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Georgia Accuses Russia of Violating Sovereignty

The U.N. Security Council is preparing to hear objections from Georgia over Russia's recent announcement that it would build stronger ties with two separatist regions located within Georgia's borders. The diplomatic dispute heated up when a Georgian surveillance drone was shot down by what the former Soviet republic says was a Russian MiG fighter. Colin McCullough reports for VOA from Moscow.

Georgian officials protested last week when Vladimir Putin ordered the Russian government to establish closer ties with the secessionist Georgian republics of South Ossetia and Abkhazia. Both regions lie on Russia's southern border and have maintained de-facto independence from Georgia since the early 1990s.

Russia's overtures to the two regions drew a protest from Georgia that this violated its sovereignty. Georgia brought its grievance before the United Nations last week.

The U.N. Security Council agreed Monday to Georgia's request to hold a special meeting on the recent developments. The private U.N. meeting is scheduled for Wednesday.

Vitaly Churkin, Russia's ambassador to the U.N., says he is sure that Russia will have something to say about the latest "non-constructive, and at times, provocative acts" from the Georgian side.

As a permanent member of the Security Council, Russia can veto any of its resolutions.

Oleg Morozov is the first deputy speaker of the Russian Duma, the lower house of parliament.

He says the actions taken by Georgia in relation to the U.N. meeting on South Osettia and Abkhazia, taken together with Georgia's overtures to join NATO, do not promote an improvement in relations between Georgia and Russia.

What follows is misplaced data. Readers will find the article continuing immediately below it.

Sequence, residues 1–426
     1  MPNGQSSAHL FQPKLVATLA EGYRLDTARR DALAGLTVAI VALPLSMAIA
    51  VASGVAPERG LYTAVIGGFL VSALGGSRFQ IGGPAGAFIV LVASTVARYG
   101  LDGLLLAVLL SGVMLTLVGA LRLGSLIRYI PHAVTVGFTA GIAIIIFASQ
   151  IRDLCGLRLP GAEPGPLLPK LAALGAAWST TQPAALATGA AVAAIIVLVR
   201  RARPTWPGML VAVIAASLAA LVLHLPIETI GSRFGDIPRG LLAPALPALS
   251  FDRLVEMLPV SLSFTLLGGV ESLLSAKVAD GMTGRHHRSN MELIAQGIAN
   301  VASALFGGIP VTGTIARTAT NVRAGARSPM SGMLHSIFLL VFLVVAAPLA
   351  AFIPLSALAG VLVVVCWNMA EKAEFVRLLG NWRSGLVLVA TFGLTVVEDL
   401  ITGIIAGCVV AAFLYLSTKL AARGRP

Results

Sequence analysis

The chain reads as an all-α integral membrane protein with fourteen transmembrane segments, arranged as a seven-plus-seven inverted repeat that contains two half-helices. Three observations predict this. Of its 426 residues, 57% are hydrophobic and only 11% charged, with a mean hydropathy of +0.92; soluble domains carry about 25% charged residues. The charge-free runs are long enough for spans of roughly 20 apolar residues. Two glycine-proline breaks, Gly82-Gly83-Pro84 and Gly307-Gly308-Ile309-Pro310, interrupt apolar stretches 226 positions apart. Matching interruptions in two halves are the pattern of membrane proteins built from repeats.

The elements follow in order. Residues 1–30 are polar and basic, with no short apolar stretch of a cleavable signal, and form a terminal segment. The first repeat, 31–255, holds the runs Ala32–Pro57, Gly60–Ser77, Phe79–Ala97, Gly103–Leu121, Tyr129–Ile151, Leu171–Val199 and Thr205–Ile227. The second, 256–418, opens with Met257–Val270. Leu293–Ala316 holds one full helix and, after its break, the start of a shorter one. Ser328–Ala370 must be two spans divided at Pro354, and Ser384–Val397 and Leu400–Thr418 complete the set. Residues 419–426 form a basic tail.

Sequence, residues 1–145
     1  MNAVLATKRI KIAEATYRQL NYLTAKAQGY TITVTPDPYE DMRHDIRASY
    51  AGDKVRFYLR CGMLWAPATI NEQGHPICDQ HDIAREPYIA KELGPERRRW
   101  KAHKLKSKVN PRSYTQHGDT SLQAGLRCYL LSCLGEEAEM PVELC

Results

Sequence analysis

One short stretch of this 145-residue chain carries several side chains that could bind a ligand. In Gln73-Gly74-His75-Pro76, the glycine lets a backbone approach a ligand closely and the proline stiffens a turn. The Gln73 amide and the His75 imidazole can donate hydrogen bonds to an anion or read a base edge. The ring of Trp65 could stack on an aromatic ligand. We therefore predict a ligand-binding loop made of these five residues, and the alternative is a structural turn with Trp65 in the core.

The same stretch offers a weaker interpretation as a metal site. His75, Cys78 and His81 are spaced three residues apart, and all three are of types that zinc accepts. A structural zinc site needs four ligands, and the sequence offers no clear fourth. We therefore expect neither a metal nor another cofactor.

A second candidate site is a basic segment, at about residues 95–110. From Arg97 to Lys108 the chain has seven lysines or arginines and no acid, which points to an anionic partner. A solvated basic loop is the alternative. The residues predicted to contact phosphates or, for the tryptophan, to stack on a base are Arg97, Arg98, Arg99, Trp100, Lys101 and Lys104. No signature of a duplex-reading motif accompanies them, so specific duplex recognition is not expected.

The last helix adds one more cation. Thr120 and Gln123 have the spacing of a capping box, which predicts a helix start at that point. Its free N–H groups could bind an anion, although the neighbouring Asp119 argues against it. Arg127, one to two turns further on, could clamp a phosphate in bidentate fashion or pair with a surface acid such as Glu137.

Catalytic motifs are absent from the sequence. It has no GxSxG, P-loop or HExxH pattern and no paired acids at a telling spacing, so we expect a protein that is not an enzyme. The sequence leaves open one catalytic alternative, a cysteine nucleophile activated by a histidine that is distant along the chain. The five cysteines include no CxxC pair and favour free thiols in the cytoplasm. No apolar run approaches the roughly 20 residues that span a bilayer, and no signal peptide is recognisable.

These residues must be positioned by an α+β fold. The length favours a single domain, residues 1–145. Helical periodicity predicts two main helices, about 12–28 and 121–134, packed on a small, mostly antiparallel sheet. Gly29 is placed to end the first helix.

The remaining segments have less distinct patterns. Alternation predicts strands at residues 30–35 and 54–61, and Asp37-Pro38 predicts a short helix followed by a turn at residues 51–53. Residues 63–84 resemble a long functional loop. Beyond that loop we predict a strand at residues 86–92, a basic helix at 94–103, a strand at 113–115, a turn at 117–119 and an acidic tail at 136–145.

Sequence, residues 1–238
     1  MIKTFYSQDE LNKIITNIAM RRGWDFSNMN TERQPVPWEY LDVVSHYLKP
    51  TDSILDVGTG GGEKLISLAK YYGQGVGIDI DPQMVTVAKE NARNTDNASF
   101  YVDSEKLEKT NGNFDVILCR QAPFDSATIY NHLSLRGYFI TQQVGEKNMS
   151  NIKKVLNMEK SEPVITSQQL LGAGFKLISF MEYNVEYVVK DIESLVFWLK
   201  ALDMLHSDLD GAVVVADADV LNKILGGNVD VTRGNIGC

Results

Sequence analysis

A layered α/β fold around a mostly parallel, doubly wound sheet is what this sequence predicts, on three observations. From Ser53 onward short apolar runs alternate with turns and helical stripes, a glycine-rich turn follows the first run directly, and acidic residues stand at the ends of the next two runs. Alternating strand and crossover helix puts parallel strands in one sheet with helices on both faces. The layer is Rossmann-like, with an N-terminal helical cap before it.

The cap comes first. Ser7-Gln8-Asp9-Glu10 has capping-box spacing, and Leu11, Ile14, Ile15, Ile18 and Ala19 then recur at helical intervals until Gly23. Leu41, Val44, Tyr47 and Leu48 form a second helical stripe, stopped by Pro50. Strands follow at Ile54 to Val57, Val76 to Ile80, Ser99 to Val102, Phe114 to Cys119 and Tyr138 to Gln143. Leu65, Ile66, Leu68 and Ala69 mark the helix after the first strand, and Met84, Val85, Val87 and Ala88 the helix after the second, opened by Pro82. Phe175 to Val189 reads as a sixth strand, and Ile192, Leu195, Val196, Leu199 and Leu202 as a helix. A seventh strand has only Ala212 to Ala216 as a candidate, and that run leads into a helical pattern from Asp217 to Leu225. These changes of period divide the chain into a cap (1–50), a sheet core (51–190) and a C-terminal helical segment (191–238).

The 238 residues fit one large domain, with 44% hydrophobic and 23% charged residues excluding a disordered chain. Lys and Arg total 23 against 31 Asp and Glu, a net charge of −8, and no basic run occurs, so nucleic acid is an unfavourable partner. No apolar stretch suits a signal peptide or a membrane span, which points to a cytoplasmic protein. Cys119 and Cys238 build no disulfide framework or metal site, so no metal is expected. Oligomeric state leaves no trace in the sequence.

Tensions had increased Sunday after an unarmed Georgian surveillance drone was shot down while patrolling Abkhazia and the Georgian government released footage showing a MiG-29 launching an air-to-air missile at its unmanned craft.

Independent military experts confirm that the plane in the footage is a MiG-29. The aircraft has been a component of the Russian air force since it was introduced in 1983, for the then-Soviet military.

Shota Uteashvili is a spokesman for Georgia's Internal Ministry.

He says the two tails of the attacking craft can clearly be identified. Even a child knows this is what distinguishes a MiG from other military craft, he says, adding the Abkhazia separatist movement could not afford such an aircraft.

Georgian authorities have also released radar evidence indicating the plane returned to Russian territory after it attacked the drone.

Russia denies its air force was in the region, calling the charges "nonsense." General Alexander Zeiln says the Russian air force does not fly across international boundaries.

Alexander Hramchihin is an independent military analyst.

He says the fact that Russia's military does not have many unmanned drones means it perhaps did not anticipate that the Georgian craft would be able to gather and transmit footage of the attacking craft the way it did.

In other areas of relations between the two countries, Russia has recently made overtures to improve trade. Last month, Russia allowed the resumption of direct flights between Moscow and Georgia's capital, Tbilisi. And Russian President Vladimir Putin has instructed authorities to initiate talks aimed at ending a ban on Georgian imports such as wine and mineral water.